North American Patristics Society annual meeting location:Chicago, IL USA date:22 May 2009
Recent research has surfaced a peculiar phenomenon in the life and writings of Augustine of Hippo, namely, that the bishop references Cyprian of Carthage as a source of authority for theological positions which are often incoherent or even contradictory in the course of his heated argumentation with the Donatists (where he distances himself from Cyprian) and then the Pelagians (where he unreservedly claims the support of the Carthaginian primate).
This then leads to the underlying question of my paper proposal: if/ where/ how is Cyprian as an authority source used by the arguing sides differently and/ or similarly and if/ where/ how is Augustine’s use of Cyprian identical or different in the course of the successive controversies?
The results of this inquiry, carried out in conjunction with my ongoing doctoral research, will be abundant. As such, I will only focus on four clusters for examination from which to draw examples: ecclesiological examples (e.g., how does Augustine reference Cyprian to defend his notion of the Church as a corpus permixtum in both controversies?), political-societal (e.g., how can Augustine justify the interplay of church and state when the Cyprianic/ Donatist tradition maintains their separation and how is it different in both controversies?), the relationship of Rome and Africa (e.g., why does Augustine scantly refer to Rome against the Donatists and repeatedly with the Pelagians; also does this signify certain theological rifts between Africa and Rome?), and lastly I will briefly assess and posit further questions as to whether or not there is continuity in the interpretation of Cyprian in the controversies and if the issues raised in the confrontation with the Pelagians were already present in the Donatist debates.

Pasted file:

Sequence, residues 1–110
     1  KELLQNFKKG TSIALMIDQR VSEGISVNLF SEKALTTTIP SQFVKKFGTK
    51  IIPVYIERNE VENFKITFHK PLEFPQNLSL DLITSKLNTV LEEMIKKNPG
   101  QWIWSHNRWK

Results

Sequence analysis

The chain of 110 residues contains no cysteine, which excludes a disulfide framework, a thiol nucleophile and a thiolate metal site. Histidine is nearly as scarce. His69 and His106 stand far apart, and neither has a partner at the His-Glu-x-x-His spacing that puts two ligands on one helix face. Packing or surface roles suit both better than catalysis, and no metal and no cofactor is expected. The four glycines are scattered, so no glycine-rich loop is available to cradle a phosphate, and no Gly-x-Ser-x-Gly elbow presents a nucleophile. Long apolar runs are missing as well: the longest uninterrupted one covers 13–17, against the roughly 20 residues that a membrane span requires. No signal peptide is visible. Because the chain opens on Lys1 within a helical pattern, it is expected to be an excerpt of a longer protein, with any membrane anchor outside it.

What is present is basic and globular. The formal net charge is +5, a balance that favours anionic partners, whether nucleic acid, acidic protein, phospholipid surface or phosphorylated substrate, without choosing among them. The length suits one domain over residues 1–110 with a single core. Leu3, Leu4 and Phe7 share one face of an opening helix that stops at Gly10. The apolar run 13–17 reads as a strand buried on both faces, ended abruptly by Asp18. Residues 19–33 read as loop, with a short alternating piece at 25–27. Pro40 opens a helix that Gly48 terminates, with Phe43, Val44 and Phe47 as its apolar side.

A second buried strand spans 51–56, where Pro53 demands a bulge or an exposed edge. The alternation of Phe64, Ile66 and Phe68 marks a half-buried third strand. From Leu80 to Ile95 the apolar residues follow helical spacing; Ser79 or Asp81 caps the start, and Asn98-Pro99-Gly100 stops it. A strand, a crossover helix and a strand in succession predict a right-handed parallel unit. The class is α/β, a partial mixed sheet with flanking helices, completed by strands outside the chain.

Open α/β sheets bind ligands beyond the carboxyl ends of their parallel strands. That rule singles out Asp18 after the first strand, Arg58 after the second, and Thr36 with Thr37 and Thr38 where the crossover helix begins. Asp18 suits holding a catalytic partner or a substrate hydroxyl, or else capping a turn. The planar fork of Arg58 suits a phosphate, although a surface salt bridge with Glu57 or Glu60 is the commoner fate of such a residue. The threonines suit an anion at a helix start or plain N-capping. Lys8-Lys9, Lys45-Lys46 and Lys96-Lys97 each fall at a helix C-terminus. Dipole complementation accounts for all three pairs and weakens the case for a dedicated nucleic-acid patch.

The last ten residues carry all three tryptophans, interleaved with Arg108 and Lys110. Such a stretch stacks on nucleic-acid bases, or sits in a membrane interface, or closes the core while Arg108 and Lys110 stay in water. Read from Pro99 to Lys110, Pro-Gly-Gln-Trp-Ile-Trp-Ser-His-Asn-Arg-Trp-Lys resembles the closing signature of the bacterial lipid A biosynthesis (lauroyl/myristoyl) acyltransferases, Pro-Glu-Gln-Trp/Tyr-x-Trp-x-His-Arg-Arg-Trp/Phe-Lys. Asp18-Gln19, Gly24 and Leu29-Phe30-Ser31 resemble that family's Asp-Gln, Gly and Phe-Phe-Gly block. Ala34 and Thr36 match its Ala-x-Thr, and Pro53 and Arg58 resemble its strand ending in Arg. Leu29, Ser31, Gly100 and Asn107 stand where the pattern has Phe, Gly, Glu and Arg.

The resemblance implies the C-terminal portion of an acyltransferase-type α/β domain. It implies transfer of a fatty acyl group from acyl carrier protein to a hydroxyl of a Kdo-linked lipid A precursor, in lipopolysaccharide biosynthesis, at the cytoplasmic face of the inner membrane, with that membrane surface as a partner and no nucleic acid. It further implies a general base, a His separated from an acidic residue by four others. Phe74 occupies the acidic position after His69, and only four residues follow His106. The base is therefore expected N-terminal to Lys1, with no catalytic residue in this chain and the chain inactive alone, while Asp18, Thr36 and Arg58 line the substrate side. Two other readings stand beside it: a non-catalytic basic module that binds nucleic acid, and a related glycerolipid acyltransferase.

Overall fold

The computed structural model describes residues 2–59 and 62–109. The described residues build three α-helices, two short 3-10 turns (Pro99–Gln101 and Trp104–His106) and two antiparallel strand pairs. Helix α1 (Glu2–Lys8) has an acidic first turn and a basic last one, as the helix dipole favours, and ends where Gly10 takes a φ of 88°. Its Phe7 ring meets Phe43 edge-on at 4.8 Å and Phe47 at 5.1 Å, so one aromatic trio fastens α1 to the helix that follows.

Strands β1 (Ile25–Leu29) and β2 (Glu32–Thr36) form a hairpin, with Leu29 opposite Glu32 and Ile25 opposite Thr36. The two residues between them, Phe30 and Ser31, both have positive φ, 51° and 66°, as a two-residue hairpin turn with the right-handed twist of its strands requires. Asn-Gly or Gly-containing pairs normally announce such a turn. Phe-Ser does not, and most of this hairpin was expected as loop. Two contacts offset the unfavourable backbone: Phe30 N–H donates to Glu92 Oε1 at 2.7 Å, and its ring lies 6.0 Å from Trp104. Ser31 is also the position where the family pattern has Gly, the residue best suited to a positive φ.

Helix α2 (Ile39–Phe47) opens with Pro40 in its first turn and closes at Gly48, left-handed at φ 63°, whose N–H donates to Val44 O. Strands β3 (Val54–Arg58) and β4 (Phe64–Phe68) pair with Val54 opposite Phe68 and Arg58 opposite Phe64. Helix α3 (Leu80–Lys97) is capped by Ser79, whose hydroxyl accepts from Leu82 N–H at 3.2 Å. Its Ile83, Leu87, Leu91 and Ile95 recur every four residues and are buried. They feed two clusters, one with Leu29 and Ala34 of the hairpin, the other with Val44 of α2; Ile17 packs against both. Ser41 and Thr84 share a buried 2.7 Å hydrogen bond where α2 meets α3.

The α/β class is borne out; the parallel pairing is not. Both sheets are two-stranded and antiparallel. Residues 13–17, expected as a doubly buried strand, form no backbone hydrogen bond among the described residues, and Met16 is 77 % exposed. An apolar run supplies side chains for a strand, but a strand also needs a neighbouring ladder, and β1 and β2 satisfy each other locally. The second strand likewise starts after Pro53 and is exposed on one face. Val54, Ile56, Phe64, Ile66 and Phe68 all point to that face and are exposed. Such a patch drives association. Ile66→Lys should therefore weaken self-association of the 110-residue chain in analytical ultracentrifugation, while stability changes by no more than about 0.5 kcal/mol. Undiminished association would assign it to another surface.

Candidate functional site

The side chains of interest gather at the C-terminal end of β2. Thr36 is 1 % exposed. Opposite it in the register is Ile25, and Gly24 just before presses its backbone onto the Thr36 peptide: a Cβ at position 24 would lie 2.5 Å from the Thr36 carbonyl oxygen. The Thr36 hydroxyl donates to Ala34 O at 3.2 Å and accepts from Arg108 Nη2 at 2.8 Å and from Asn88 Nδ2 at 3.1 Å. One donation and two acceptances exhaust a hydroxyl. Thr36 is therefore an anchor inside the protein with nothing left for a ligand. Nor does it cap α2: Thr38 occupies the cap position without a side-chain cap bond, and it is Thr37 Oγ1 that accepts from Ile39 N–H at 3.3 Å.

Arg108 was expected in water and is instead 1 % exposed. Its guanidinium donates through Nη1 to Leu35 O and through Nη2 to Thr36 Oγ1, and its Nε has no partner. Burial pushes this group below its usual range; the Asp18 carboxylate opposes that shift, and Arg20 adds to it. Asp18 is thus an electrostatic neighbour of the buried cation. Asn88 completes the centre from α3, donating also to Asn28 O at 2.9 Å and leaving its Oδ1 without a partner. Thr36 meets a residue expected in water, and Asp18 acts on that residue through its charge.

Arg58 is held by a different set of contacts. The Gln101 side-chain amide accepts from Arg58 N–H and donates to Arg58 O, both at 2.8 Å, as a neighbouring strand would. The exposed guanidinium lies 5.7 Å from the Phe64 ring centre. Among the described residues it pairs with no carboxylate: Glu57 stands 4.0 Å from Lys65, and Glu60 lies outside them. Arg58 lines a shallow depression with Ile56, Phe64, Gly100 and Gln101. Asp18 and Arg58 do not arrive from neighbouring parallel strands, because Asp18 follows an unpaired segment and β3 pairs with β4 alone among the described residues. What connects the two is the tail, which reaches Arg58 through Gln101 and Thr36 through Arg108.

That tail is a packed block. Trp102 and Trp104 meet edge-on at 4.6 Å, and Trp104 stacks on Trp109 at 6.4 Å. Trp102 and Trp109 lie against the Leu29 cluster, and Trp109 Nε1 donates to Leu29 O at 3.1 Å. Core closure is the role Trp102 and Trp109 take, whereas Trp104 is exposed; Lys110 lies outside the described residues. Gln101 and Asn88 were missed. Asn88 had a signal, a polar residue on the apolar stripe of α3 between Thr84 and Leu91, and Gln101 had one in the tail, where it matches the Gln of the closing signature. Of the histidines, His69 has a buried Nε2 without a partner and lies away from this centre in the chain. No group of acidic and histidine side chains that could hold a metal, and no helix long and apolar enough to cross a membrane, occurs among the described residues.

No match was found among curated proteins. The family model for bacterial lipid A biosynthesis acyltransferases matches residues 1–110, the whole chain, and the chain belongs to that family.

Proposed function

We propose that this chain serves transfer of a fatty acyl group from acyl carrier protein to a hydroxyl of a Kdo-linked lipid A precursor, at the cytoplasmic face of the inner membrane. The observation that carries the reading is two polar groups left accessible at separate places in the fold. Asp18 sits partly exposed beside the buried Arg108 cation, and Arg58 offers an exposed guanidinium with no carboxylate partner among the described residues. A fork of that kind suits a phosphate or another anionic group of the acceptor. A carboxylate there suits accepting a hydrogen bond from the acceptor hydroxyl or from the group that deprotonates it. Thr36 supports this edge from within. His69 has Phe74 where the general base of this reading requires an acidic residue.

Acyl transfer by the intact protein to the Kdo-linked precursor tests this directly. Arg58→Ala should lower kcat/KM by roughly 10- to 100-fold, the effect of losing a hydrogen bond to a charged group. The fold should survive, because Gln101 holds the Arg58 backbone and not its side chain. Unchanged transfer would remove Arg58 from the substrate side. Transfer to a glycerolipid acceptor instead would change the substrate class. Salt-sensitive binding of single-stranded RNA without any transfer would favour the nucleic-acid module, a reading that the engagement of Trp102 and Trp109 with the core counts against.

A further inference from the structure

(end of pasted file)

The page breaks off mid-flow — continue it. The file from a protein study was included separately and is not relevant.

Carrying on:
To facilitate the research segment of this proposal, I will rely almost entirely on primary sources from Augustine and Cyprian (arranged from the Corpus Augustinianum Gissense and Cetedoc Library of Christian Latin Texts software), as well as surviving Pelagian and Donatist writings (taken from the CCSL/ CSEL series and with recourse to recent/ critical translations).The results of this line of questioning will be placed in conversation with contemporary research on both the Donatist and Pelagian controversies, and will demonstrate the manner in which the significance of Augustine’s divergent appeals to Cyprian impacts our understanding of Augustine’s conflicted legacy.